Book Reviews · Recommendations

The Final Revival of Opal & Nev by Dawnie Walton

The Final Revival of Opal & Nev
By: Dawnie Walton

Book Cover

Published: March 2021
Published By: Simon & Schuster
Format Read: eBook, Kindle, ARC, NetGalley
Genre: Historical Fiction

Rating: 3.5/5

NOTE: I was sent a copy of The Final Revival of Opal & Nev by Dawnie Walton, from the publisher via NetGalley, in exchange for an honest review.


A poignant fictional oral history of the beloved rock ‘n’ roll duo who shot to fame in the 1970s New York, and the dark, fraught secret that lies at the peak of their stardom.

Opal is a fiercely independent young woman pushing against the grain in her style and attitude, Afro-punk before that term existed. Coming of age in Detroit, she can’t imagine settling for a 9-to-5 job—despite her unusual looks, Opal believes she can be a star. So when the aspiring British singer/songwriter Neville Charles discovers her at a bar’s amateur night, she takes him up on his offer to make rock music together for the fledgling Rivington Records.

In early seventies New York City, just as she’s finding her niche as part of a flamboyant and funky creative scene, a rival band signed to her label brandishes a Confederate flag at a promotional concert. Opal’s bold protest and the violence that ensues set off a chain of events that will not only change the lives of those she loves, but also be a deadly reminder that repercussions are always harsher for women, especially black women, who dare to speak their truth.

Decades later, as Opal considers a 2016 reunion with Nev, music journalist S. Sunny Shelton seizes the chance to curate an oral history about her idols. Sunny thought she knew most of the stories leading up to the cult duo’s most politicized chapter. But as her interviews dig deeper, a nasty new allegation from an unexpected source threatens to blow up everything.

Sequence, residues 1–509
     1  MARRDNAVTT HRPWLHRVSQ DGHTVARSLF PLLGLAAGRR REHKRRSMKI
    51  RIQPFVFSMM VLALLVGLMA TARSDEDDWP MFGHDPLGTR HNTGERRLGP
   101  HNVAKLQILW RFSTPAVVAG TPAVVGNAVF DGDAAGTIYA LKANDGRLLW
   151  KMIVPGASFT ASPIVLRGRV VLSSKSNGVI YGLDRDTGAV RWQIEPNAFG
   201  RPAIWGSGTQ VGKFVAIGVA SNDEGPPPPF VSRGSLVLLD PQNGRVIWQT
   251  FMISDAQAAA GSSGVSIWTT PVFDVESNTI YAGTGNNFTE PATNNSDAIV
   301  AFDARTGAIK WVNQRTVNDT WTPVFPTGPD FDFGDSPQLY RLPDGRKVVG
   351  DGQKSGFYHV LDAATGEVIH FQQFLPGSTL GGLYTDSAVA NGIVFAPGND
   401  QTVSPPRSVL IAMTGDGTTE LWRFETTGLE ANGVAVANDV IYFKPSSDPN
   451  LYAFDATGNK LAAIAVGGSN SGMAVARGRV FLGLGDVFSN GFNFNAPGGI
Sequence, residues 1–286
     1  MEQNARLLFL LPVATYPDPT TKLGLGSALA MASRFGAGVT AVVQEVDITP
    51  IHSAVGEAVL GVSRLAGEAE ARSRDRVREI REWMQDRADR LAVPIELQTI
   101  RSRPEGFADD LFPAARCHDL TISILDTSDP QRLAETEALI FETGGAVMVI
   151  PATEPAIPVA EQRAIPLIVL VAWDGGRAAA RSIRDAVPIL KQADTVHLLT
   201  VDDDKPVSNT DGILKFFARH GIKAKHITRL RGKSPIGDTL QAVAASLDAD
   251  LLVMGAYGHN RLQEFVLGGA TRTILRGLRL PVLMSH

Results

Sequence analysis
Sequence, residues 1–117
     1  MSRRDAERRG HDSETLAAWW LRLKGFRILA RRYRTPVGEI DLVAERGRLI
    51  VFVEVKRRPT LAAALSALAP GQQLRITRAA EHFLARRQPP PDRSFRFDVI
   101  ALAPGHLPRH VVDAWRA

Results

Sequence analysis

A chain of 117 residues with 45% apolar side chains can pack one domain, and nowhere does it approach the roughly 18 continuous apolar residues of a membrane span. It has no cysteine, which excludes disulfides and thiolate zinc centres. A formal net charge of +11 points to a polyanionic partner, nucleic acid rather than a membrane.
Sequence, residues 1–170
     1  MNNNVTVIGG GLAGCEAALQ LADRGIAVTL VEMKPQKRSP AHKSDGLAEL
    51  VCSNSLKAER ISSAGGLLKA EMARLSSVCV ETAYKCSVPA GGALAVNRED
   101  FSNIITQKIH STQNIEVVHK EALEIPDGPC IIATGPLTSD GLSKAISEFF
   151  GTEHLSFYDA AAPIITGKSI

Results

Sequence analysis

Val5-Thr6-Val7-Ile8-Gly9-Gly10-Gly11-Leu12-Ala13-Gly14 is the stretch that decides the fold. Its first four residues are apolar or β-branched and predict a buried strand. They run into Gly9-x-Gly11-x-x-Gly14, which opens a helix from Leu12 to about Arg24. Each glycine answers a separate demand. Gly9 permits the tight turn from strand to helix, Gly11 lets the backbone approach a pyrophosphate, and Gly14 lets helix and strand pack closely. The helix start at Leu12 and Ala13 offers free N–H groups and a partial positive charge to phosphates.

Provocative and chilling, The Final Revival of Opal & Nev features a backup chorus of unforgettable voices, a heroine the likes of which we’ve not seen in storytelling, and a daring structure, and introduces a bold new voice in contemporary fiction.

My Thoughts

Like many other readers, I was intrigued to read The Final Revival of Opal and Nev, after seeing it being compared to Daisy Jones and the Six by Taylor Jenkins Reid. Like that book, Dawnie Walton tells this story in an interview format. However where Daisy Jones and the Six focuses on emotional lyrics, Opal and Nev explores more of a social justice point of view.

While I don’t think that the music this unlikely pair would have released would have been my cup of tea, I could definitely appreciate how they would have made an impression with their originality. Opal especially was a strong character, although she wasn’t perfect. I liked how she became a leader for those who were seen as different and not accepted by society.

Author Dawnie Walton did not shy away from tackling difficult topics including; feminism and racial injustices. I would recommend it to readers who are looking for an impactful book that explores those topics.

Articles · Memes · TBR

Waiting on Wednesday: Our Woman in Moscow

Waiting on Wednesday is a weekly meme hosted by Breaking the Spine, that shines a spotlight on the books we can’t wait to be released in the near future.

Today I would like to share the synopsis for an author that has several titles I’m interested in reading. Our Woman in Moscow by Beatriz Williams is set to be released June 1, 2021.

Our Woman in Moscow
By: Beatriz Williams



The New York Times bestselling author of Her Last Flight returns with a gripping and profoundly human story of Cold War espionage and family devotion that proves again why Elin Hilderbrand says Beatriz Williams “is writing the best historical fiction out there.”

In the autumn of 1948, Iris Digby vanishes from her London home with her American diplomat husband and their two children. The world is shocked by the family’s sensational disappearance. Were they eliminated by the Soviet intelligence service? Or have the Digbys defected to Moscow with a trove of the West’s most vital secrets?

Four years later, Ruth Macallister receives a postcard from the twin sister she hasn’t seen since their catastrophic parting in Rome in the summer of 1940, as war engulfed the continent and Iris fell desperately in love with an enigmatic United States Embassy official named Sasha Digby. Within days, Ruth is on her way to Moscow, posing as the wife of counterintelligence agent Sumner Fox in a precarious plot to extract the Digbys from behind the Iron Curtain.

But the complex truth behind Iris’s marriage defies Ruth’s understanding, and as the sisters race toward safety, a dogged Soviet agent forces them to make a heartbreaking choice between two irreconcilable loyalties.